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Friday Food for Thought: Renovate or Rebuild?

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What’s the best move for the Smith Center

North Carolina Tar Heels Championship Welcome Rally Photo by Sara D. Davis/Getty Images

Welcome to Friday Food For Thought, the weekend conversation starter. Each week, this article presents a topic for debate. Whether in the comments section, on the golf course, or around the weekend game table, the goal is to provide enough background that either side could be a winner. In order to facilitate the discourse, a suggested beverage pairing is also be included. So speak up, mix it up, and drink up.

Your normal server is off enjoying the magic that is Orlando this week, so I’m your substitute. No worries, we have a great dish ready for you today.

Scrolling through the Twitterverse, I caught on to this story about the renovations that were approved over at the University of Kentucky. The Wildcats also play in an arena that holds over 20,000, but the arena was showing its age. Basketball being what it is in Kentucky, they wanted to make sure they had a new facility to show off, not to mention bow to the fact that people don’t want to sit on benches to watch a sporting event when they have a comfortable couch at home. These renovations are actually set to reduce attendance at Rupp, but make the experience better for everyone who attends.

This brought to mind the fact that Carolina also plays in a facility that is due for an upgrade. It may not be in the immediate future because of all the other work going on, but the Dean Smith Center is up on the drawing board. Bubba Cunningham has said as much, as the place no longer is a guaranteed sell out and doesn’t have any of the modern amenities of the top-tier arenas. The question isn't whether change is coming, but what will? Renovate the current building or build a brand new arena off campus?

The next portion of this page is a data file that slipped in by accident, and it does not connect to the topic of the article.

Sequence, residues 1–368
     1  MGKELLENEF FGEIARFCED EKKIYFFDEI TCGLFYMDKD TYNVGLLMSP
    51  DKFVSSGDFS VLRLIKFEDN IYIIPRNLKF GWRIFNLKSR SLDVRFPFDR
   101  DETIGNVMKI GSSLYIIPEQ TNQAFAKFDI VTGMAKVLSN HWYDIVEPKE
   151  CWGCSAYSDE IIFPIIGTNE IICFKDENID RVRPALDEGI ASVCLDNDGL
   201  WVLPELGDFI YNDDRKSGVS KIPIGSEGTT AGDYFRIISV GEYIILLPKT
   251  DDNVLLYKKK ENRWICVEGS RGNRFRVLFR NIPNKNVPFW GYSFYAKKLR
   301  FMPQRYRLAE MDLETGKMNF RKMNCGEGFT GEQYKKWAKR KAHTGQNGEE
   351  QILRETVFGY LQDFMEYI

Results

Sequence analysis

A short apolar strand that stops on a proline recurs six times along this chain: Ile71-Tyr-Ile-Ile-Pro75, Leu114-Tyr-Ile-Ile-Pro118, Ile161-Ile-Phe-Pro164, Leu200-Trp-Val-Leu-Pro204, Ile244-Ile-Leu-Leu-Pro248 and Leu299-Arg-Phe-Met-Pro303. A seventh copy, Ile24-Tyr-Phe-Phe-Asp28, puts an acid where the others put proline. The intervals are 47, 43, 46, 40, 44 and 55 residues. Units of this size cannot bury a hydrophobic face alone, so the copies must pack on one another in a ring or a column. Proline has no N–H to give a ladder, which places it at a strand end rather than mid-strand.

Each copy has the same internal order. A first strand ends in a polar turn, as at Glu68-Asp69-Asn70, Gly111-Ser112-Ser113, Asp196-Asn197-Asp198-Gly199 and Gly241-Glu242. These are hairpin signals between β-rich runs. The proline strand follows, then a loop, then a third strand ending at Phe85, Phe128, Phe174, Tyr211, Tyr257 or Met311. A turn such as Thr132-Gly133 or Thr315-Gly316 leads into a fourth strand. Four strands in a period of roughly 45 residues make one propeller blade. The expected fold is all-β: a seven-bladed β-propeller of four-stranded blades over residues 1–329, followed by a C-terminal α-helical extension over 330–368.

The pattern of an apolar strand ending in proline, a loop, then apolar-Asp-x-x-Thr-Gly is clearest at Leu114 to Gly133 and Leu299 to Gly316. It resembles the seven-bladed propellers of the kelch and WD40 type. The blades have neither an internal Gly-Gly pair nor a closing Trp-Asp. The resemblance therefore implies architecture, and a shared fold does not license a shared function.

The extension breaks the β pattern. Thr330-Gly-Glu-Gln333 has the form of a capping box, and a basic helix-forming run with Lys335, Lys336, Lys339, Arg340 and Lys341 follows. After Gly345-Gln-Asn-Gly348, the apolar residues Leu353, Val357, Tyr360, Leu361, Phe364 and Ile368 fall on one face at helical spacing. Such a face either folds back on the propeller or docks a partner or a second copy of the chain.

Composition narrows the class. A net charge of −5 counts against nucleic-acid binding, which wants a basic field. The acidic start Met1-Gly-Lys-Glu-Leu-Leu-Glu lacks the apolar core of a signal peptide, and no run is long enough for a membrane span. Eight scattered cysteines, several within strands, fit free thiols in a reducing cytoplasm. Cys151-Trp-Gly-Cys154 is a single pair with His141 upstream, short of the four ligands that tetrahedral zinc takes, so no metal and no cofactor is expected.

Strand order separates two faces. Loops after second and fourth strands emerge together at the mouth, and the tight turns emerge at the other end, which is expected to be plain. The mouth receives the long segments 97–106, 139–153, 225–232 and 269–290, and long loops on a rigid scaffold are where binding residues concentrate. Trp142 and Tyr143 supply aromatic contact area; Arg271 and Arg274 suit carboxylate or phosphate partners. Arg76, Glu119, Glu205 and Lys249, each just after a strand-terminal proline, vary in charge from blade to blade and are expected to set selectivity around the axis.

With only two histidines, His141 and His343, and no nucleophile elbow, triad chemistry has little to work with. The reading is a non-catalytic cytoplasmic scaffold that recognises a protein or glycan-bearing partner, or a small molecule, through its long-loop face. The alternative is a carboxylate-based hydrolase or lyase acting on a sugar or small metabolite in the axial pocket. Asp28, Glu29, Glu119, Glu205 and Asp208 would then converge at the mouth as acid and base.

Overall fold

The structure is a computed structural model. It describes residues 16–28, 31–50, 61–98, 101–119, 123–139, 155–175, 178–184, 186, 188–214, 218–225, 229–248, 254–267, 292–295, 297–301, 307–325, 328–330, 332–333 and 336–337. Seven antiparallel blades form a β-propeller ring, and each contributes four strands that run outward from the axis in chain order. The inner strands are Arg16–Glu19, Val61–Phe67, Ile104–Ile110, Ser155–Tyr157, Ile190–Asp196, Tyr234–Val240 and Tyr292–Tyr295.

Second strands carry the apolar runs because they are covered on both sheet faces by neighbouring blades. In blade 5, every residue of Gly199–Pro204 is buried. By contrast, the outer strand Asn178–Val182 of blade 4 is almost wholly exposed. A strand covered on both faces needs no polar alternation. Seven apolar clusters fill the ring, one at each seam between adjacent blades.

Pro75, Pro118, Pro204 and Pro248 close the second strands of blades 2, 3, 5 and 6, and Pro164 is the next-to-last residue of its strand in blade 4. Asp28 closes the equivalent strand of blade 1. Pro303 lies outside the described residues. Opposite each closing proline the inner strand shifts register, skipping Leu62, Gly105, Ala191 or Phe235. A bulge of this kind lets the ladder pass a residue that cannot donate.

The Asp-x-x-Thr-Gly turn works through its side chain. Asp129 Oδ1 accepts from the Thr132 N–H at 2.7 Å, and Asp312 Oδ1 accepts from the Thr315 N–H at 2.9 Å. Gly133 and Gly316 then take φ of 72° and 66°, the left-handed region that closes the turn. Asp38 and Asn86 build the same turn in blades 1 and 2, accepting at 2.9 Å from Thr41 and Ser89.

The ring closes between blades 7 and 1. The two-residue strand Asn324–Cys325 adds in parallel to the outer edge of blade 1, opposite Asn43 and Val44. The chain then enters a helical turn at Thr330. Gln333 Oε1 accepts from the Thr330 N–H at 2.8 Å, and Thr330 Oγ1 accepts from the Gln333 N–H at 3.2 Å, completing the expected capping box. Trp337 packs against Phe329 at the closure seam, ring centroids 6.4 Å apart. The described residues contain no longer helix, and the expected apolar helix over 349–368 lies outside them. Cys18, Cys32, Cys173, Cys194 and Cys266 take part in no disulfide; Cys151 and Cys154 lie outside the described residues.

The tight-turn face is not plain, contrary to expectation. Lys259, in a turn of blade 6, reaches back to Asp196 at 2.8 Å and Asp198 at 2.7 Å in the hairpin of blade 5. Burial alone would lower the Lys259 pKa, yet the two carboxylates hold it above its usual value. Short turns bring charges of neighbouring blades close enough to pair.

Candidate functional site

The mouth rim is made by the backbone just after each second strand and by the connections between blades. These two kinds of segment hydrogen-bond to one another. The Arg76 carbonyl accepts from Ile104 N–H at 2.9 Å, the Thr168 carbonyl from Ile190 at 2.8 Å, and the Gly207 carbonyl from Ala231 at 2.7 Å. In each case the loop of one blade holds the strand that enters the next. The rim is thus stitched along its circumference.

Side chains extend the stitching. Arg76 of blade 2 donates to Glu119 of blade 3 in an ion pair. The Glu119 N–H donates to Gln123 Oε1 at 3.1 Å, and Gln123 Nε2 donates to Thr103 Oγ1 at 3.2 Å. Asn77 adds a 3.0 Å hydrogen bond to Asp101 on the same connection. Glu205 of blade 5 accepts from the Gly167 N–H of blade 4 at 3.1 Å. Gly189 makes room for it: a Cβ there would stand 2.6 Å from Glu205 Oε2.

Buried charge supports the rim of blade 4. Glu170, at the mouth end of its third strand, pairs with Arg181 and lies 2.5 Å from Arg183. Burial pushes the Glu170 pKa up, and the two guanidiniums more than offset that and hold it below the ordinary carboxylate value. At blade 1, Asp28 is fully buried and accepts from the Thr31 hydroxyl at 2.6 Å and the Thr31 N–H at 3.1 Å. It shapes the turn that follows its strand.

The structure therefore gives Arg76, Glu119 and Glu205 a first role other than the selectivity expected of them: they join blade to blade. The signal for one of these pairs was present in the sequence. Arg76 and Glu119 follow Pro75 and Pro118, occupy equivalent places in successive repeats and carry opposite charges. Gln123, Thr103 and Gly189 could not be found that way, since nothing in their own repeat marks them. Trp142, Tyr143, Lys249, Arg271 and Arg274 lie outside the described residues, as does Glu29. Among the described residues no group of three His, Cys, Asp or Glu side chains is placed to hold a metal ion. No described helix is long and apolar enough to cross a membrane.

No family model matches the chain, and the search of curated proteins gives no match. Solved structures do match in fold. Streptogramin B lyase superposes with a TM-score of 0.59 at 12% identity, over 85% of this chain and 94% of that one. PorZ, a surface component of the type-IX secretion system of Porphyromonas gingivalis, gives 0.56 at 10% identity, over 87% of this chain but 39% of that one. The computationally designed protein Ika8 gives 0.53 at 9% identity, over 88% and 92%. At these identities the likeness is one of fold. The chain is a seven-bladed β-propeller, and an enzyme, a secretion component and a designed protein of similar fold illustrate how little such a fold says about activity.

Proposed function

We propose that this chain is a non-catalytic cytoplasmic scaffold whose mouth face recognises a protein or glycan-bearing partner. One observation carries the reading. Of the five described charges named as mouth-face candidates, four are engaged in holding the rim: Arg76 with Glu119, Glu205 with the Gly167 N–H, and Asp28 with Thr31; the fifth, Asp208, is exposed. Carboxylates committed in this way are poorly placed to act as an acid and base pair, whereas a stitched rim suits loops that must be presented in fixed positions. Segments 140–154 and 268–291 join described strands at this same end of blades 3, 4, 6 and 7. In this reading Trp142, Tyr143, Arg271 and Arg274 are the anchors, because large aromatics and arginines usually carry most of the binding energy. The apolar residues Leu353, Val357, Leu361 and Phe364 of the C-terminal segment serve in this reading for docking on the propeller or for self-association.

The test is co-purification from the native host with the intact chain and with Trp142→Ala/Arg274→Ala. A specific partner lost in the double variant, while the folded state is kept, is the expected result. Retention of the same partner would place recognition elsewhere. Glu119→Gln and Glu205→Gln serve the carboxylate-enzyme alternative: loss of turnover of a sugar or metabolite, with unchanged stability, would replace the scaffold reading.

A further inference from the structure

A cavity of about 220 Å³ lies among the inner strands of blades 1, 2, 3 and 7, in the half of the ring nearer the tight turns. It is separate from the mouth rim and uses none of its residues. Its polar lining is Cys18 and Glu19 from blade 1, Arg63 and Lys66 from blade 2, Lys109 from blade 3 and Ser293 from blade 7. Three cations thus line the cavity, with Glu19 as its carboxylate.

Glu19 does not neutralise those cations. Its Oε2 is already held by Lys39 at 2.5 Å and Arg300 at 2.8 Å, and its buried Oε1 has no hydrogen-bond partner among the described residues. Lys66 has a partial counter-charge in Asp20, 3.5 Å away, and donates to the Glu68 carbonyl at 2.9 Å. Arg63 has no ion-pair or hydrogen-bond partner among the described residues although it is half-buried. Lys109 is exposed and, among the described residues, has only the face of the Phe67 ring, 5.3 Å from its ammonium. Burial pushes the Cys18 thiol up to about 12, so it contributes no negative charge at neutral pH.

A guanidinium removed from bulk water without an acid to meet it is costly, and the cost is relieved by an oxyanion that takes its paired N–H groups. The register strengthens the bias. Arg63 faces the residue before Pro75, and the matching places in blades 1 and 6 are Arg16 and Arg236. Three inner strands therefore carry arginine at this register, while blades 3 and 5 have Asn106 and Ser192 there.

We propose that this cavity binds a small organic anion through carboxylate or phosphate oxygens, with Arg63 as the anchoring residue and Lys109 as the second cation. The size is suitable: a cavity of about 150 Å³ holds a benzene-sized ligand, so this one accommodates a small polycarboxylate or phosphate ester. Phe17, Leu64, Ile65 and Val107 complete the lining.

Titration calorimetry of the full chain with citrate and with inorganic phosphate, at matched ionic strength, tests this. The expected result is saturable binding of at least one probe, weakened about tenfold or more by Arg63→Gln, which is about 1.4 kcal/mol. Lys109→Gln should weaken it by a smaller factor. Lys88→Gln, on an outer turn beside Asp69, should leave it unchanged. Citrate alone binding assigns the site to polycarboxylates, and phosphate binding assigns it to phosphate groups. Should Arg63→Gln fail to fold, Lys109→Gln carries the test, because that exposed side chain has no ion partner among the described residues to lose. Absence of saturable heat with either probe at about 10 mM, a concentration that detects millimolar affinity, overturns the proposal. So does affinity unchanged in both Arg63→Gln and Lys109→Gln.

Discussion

1. Point

When the Dean Smith Center opened up, it became a monument to not only what Carolina Basketball had become, but a way to honor the man who had brought the prestige we still enjoy to this day. To move on from that building or to try and name another building after him dampens the effect of that original honor. It’s also completely possible to get what you need by playing in the same building.

The building is big enough to house over 22,000 seats and be basketball only. In this day and age, though, you don’t need 22,000 seats. You can shave 5,000-6,000 off of that number and use that newly found space to redo the concourses and add a level of suites. Cunningham has hired firms and has shown it can be done, it just requires some sacrifices.

The biggest sacrifice would be losing your home arena for at least a season. Unlike Rupp, to do what you need to in Chapel hill you’d essentially have to gut the whole building, and you can’t do that in a span of March-November. What to do? Well, you have a perfectly good arena in the middle of campus that just so happens to have been renovated recently. You also have a perfectly good arena 30 minutes down the road in the Triad that has served as a home arena before. While either option would create a short term loss of revenue, the long-term result means keeping a crown jewel on campus and keeping the monument for who knows how much longer.